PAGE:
Sunday, 5 June 2016

Chequered past, bright future

At the end of our recent trip to the Outer Hebrides, we calculated that, weather permitting, there should be time to look for one of our rarest and most localised butterflies, the Chequered Skipper, as we passed near some of its strongholds in Invernesshire and Argyll on the way south.
The pearly underwing of the Chequered Skipper resting on a Bluebell
Argent & Sable, a nationally scarce moth, was a bonus at Allt Mhuic
The original plan was to head for a well known site at Glasdrum Wood, near where I spent a week at Easter. But on disembarking the ferry at Uig and setting the satnav we realised we had forgotten how big Scotland was! We were concerned that it might have been too late by the time we arrived there so we quickly hatched a Plan B to head for the Butterfly Conservation reserve at Allt Mhuic, an hour further north and therefore closer to us, and only a short detour off our main route south. I had not been to the reserve before, and my travelling companions had never seen Chequered Skipper, so all agreed it was well worth the diversion.
We bounced along the minor road which skirts the northern shore of Loch Arkaig admiring the attractive landscape and eventually found the reserve entrance. After a brisk walk anti-clockwise around the circular route with no sightings, I came across the first Chequered Skipper on the path on the downward slope heading back towards the car park. Once we had seen one, others started to appear and we admired their feisty, territorial behaviour.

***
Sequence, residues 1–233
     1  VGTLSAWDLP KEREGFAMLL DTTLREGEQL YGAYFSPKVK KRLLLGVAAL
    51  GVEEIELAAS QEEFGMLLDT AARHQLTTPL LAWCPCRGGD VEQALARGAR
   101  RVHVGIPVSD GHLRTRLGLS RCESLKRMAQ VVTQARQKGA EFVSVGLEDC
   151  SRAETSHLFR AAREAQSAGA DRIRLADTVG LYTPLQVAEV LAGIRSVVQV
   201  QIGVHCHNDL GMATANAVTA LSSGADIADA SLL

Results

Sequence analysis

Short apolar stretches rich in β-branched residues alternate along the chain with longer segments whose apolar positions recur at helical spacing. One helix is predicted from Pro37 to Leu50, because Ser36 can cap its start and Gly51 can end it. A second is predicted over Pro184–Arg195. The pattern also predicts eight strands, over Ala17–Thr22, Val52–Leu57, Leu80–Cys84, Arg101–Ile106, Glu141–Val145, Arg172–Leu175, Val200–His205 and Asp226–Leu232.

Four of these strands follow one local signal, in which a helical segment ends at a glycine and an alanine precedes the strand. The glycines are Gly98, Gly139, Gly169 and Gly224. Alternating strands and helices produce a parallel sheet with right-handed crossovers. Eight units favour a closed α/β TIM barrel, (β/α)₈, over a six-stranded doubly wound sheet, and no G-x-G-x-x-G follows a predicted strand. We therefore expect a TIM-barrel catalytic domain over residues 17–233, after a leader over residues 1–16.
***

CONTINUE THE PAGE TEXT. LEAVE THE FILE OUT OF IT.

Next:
The Chequered Skipper went extinct in England in the 1970s but, after a failed reintroduction in Lincolnshire in the 1990s, plans were announced last year to reintroduce it to suitably managed habitat in the East Midlands. Good news indeed which will hopefully lead to it becoming established in its former English haunts - though for dramatic backdrops, the Scottish colonies will remain difficult to beat. A spectacular setting, a lovely reserve and a fitting end to an excellent trip before the long journey south - a big thanks to my co-pilots Dave Bradnum and Paul Welling for their company.

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